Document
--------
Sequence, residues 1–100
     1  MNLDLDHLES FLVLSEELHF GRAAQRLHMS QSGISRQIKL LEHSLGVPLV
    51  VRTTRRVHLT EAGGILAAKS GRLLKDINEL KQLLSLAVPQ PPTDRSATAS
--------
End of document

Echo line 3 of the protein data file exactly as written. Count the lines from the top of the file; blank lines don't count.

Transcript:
    51  VRTTRRVHLT EAGGILAAKS GRLLKDINEL KQLLSLAVPQ PPTDRSATAS